What might this mean for fiscal and monetary policy as interest payments on federal debt soars, but the need for an even more powerful military does in tandem? What you are thinking is probably wrong if you try to frame things in a traditional manner.


To summarise the state of flux we are all in, the Financial Times points to the appeal of neo-Marxism in Japan under the new label of “degrowth”; alongside neo-Marxism in China (which may also mean low growth). It also carries a remarkable op-ed from Jajan Ganesh calling for an end to intra-elite sniping –pointing to Rishi Sunak having a go at cosmopolitan “North London”– because if the mob comes, it won’t be able to differentiate between liberal, rich North and conservative, rich West London. He concludes, “There is a non-trivial chance of civil unrest against the haves in the coming years. How sweet to think that you will be spared because you are merely rich, rather than rich and interesting.” And this is in the FT, not the Morning Star!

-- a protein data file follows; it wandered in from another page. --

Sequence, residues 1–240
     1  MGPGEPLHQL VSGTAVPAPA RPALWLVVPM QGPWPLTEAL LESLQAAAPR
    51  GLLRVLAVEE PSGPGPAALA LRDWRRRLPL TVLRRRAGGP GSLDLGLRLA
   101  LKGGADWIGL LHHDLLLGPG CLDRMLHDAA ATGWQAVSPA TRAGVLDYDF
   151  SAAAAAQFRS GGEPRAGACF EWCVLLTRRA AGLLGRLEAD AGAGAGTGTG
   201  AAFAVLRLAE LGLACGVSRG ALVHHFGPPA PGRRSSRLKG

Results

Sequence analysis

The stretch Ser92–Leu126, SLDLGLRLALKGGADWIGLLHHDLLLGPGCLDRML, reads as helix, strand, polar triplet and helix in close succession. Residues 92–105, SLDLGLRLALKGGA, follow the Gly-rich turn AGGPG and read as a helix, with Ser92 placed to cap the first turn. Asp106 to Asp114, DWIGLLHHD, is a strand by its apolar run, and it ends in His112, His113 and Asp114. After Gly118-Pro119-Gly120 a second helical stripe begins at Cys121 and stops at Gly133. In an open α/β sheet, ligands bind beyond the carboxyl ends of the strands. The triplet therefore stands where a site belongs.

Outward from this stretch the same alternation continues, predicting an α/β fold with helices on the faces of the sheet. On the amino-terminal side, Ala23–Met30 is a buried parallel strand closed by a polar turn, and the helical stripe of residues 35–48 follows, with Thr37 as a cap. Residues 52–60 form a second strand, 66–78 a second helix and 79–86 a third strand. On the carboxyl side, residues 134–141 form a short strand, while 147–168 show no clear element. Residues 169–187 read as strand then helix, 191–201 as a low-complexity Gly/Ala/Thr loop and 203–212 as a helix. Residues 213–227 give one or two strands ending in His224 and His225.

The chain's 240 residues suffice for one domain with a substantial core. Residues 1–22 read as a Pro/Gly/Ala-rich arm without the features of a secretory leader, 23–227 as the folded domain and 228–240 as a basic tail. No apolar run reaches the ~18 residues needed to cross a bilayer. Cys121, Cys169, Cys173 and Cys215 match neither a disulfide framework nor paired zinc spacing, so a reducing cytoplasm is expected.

COP27 is taking place in Sham el-Chic. Some fossil fuel fans are skipping. The government leaders who are there are burning more fossil fuels than ever. And Greta is trying to get rich from her book telling us how we need to destroy capitalism.


I am not going to tell you exactly what to buy or sell against this slide into metacrisis, just as I am not going to tell you exactly what went up or down. What I can point out is that there are no easy answers and no easy trades anymore. Anyone who tells you otherwise needs to be told “NO!”